We are making our own textbooks - S S Nathan, Bala Vidya Mandir

By Murali D|17th Sep 2013
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Meet S. S. Nathan, the recipient of the CBSE Best Teacher Award in 2006, and a name to reckon with in school education. He is currently the CEO of BVM Global. “You are no longer taking classes for students,” I nudged him. “Of course, I am not going to any classrooms, but then I still have my classrooms, my classrooms of teachers and principals. Now my job is more exciting,” said Nathan. And, much like a good student, I listened in:


S S Nathan

Why

A common problem is that the schools teach children not in the real sense of teaching. Something is taught in the class, and the children learn only to react to conditions. That way, learning does not take place. Most of us really learn after we leave schools. So, we said we must tackle this. That is what our textbooks are tackling.

Maths, science, social studies

We are making our own textbooks, for maths, science, and social studies. Right now, we are going for the primary classes. Then we will move up to class eighth. The first set of textbooks has come out. The first year, we try the books on a trial basis. And then we do the revision, and thereafter the final books come out. In two years, we will complete up to class five.

Teachers

These books are not made by one person. Groups of teachers who are experts in the particular class and in the particular topics come together from our eight schools; all of them are classroom teachers, coming together, and making textbooks.

For example, a maths teacher who is good in averages takes care of the topic ‘averages’. Somebody who is good in ‘permutations and combinations’ writes that topic in the textbook.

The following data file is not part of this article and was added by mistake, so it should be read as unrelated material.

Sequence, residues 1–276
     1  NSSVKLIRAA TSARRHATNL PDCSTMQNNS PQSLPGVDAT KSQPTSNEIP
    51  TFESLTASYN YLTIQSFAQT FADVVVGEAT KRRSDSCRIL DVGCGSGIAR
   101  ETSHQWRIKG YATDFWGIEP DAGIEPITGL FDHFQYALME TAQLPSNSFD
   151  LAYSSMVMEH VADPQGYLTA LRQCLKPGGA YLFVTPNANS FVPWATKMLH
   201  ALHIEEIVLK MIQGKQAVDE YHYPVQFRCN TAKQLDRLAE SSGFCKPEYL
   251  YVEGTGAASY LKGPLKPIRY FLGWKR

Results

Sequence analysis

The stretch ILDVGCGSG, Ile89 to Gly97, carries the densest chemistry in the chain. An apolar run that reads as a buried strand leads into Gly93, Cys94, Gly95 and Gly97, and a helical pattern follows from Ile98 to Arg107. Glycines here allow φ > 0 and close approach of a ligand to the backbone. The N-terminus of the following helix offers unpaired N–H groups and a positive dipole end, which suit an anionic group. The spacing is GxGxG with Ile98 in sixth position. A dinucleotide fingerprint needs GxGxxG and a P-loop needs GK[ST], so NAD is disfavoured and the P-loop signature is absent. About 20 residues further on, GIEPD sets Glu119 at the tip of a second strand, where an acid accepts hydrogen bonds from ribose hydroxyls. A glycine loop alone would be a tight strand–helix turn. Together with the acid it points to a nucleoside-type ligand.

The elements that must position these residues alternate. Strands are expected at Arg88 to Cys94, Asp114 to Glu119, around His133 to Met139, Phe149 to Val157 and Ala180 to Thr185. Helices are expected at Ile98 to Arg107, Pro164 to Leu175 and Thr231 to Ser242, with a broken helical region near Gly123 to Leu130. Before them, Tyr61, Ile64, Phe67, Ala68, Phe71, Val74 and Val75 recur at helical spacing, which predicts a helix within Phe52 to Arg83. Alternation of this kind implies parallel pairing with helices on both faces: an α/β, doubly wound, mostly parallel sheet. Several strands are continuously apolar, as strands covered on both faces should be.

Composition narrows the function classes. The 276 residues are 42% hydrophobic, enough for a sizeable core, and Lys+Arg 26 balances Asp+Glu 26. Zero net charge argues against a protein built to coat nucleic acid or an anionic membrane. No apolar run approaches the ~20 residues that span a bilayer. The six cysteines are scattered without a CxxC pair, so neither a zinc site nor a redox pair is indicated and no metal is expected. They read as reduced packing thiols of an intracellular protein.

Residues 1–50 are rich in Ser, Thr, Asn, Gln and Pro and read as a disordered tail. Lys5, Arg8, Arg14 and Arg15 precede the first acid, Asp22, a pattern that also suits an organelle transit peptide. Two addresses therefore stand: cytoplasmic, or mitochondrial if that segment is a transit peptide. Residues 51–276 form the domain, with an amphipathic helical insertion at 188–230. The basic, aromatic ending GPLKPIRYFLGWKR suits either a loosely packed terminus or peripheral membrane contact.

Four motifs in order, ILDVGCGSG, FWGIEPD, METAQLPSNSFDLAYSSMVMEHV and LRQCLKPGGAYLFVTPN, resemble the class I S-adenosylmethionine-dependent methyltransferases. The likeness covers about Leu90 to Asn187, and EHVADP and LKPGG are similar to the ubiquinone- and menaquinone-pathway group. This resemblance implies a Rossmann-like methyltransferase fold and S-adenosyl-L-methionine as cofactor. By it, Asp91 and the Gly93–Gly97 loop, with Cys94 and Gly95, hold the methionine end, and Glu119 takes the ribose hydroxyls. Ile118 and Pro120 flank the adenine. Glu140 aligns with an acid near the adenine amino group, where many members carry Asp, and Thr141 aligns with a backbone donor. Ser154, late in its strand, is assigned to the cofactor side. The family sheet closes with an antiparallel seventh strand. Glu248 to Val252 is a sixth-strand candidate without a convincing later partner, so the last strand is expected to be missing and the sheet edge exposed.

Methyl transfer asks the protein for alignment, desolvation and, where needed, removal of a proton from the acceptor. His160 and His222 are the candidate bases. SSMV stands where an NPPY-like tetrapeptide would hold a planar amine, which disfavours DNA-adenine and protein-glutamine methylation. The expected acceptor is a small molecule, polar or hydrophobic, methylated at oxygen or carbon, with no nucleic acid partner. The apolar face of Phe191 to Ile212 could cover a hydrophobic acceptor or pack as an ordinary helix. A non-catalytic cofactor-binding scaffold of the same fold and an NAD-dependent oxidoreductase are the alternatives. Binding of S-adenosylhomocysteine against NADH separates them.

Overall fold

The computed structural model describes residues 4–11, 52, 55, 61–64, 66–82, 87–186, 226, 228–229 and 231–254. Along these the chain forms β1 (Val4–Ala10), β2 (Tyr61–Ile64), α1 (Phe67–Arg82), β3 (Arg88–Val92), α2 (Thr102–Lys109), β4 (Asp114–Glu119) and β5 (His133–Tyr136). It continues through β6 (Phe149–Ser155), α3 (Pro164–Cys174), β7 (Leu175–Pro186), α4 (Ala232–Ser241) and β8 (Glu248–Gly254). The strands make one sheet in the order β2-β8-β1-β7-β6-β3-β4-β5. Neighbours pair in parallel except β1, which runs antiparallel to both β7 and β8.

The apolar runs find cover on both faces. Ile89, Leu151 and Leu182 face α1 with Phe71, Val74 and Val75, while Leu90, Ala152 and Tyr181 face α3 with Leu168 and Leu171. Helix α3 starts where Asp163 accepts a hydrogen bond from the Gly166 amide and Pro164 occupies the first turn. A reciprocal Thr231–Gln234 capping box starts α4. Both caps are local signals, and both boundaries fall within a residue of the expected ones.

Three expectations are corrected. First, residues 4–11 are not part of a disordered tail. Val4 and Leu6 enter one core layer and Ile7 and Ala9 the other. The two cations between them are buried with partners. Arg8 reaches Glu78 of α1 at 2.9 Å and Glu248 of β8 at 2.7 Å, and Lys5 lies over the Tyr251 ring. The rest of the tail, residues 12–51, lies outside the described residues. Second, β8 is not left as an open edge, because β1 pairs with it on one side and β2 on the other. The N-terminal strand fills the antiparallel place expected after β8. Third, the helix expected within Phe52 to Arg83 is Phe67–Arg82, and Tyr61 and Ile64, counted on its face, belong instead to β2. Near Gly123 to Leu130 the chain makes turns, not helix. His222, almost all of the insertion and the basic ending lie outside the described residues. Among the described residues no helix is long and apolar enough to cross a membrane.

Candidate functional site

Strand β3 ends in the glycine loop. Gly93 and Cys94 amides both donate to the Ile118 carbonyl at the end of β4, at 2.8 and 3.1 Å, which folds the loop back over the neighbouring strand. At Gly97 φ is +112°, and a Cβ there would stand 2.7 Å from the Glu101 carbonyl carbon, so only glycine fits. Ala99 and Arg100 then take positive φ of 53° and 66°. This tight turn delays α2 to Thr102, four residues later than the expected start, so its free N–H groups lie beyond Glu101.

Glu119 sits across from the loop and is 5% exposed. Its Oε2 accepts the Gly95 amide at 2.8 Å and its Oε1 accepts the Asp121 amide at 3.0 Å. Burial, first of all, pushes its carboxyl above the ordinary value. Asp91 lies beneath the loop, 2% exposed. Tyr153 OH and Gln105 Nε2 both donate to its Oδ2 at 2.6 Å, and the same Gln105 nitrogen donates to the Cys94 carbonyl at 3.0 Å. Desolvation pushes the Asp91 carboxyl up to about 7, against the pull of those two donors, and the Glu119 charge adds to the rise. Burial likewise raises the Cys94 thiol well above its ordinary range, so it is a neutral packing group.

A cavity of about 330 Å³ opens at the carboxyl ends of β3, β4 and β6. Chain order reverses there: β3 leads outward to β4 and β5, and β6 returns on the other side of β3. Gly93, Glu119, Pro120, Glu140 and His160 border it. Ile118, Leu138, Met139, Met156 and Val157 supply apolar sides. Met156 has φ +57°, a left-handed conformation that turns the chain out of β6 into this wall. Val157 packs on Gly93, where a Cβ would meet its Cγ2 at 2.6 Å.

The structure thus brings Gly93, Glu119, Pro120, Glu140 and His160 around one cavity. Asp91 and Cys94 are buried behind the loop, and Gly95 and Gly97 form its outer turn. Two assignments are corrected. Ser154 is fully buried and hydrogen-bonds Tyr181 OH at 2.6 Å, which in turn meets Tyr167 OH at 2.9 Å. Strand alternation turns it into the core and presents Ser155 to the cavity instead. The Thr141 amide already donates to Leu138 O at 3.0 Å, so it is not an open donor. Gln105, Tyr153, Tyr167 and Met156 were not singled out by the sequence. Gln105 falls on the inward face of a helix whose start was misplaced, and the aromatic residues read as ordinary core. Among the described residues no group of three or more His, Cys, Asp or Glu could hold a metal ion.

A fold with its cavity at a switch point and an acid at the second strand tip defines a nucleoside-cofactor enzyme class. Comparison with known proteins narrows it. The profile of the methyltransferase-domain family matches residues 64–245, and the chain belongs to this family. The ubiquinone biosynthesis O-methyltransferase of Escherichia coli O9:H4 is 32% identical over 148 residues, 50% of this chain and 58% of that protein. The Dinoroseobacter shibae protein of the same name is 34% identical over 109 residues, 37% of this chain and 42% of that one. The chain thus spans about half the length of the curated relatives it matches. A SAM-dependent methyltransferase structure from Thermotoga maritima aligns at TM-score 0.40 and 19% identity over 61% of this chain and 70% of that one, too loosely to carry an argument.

Learning

Let me give you a few examples of how learning is improved with our approach. In class one, we teach addition. After understanding the concept of addition, these children can add any number of digits, any number of rows. That itself is a success for us. So we feel so excited about this.

And the same thing is happening in science, as well. I always put this question whenever I conduct a workshop to all teachers, even science teachers: If we have a hot-and-cold water dispenser, and if you want warm water, which one will you open first? Almost 95 percent of the people say, you open the cold water tap and then the hot water tap; even those who say we open the hot water tap first and then the cold water don’t know the reason for which they should open the hot first and then the cold.

Now, our science teaching textbooks ensure the children open the hot water first because it is less dense than cold water, so when you open the cold water tap later, you get a homogeneous mix of hot and cold resulting in warm water.

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